Nine more websites have fallen victim to a sophisticated cyber attack targeting a zero-day vulnerability in Microsoft's Internet Explorer 8 (IE8).
AlienVault reported uncovering at least another nine hijacked legitimate websites being used by hackers to spread espionage-focused malware.
"We have found that the US Department of Labor website wasn't the only entity affected and we can confirm that at least nine other websites were redirecting to the malicious server at the same time," wrote AlienVault's Jaime Blasco.
"The list of affected sites includes several non-profit groups and institutes as well as a big European company that plays on the aerospace, defence and security markets."
The attack was originally discovered by AlienVault on 1 May, targeting a vulnerability in IE8. Microsoft confirmed that it is aware of the issue and is working on a patch to plug the vulnerability.
"We released Security Advisory 2847140 to alert customers to a vulnerability affecting Internet Explorer 8. Internet Explorer 6, 7, 9 and 10 are not affected," said Microsoft Trustworthy Computing group manager Dustin Childs.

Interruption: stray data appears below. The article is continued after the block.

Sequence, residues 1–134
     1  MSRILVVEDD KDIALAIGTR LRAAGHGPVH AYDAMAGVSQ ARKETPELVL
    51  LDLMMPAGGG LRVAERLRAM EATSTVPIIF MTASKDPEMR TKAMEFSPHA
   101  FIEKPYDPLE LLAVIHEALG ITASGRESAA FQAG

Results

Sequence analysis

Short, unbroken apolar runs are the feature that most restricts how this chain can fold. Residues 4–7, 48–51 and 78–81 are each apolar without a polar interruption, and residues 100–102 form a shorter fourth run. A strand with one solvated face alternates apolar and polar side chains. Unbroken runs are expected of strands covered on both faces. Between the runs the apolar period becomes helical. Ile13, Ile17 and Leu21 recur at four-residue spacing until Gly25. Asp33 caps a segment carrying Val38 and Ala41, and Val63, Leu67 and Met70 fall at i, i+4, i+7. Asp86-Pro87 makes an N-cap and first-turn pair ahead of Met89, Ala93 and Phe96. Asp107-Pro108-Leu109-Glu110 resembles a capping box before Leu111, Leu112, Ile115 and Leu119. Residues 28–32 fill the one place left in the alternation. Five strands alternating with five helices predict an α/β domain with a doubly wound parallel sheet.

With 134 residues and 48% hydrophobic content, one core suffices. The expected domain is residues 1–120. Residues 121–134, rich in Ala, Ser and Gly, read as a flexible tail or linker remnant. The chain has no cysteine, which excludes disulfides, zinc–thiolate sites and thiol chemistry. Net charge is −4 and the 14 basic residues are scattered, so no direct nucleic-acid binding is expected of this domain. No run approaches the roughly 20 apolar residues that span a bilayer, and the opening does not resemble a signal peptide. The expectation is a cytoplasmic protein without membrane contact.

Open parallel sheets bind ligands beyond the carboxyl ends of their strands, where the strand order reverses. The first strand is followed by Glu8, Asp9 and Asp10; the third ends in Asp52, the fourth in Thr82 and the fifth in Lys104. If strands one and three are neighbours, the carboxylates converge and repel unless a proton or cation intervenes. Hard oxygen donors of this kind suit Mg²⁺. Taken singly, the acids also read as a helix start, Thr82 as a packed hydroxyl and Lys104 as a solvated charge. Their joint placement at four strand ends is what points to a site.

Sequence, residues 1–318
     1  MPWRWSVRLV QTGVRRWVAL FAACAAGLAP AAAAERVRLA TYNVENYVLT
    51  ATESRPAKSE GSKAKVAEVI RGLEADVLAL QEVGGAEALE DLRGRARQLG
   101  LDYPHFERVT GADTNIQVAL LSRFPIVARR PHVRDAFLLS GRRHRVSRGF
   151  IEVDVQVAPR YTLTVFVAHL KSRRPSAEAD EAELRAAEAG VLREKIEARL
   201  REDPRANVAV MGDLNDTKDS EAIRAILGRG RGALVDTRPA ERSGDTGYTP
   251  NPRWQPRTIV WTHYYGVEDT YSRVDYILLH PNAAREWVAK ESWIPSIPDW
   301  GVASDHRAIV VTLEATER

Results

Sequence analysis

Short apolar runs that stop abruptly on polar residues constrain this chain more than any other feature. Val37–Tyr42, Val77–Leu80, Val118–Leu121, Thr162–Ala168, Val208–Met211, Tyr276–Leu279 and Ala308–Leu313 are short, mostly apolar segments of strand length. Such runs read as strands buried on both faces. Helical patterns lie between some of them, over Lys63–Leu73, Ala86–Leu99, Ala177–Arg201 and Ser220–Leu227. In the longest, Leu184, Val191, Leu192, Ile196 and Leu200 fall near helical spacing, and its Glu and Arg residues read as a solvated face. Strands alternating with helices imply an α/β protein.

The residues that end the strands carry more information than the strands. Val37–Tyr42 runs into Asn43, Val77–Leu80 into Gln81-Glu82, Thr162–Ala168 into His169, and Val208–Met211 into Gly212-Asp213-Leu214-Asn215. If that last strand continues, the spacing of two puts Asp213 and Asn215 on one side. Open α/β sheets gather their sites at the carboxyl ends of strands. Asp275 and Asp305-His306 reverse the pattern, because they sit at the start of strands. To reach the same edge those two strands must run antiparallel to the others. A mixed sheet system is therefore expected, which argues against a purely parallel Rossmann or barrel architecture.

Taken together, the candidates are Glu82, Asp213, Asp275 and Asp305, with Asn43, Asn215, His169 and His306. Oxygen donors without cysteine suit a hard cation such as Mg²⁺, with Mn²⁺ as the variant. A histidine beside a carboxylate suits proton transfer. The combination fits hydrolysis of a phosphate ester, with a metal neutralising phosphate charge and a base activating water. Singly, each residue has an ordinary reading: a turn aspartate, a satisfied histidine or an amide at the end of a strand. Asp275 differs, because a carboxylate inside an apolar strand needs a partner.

"We strongly encourage customers to follow the workarounds listed in the advisory while we continue working on a full update to address this issue."
The malware is similar to one used in a previous cyber assault believed to stem from China and lets hackers steal useful information such as what security programmes the infected computer system has, as well as which Java and Flash version is being used.
"We do not know if China is responsible but the techniques, the exploit code and the usage of that piece of malware matches what CrowdStrike reported a few months ago and was linked to Chinese actors," Blasco told V3.
Researchers have warned that even with the promised patch, it is likely that the hacker will continue to target the exploit. Security expert Brian Krebs cited the exploits' appearance on free penetration testing service Metasploit as proof that it is only a matter of time before it appears on automated exploit kits like Blackhole.
Krebs wrote: "A new module that exploits this IE8 bug is now available for the Metasploit Framework, a free penetration testing tool. I would expect this exploit or some version of it will soon be rolled into commercial exploit kits that are sold in the cybercrime underground (assuming this has not already happened)."
The attack is one of many to believed to have stemmed from Chinese hackers. Most recently Verizon reported that 96 percent of the known espionage attacks targeting its networks stemmed from China.
Worse still, the US Department of Defense said that the methods used in the attacks are becoming more sophisticated in its Military and Security Developments Involving the People's Republic of China 2013 report to Congress on Monday.
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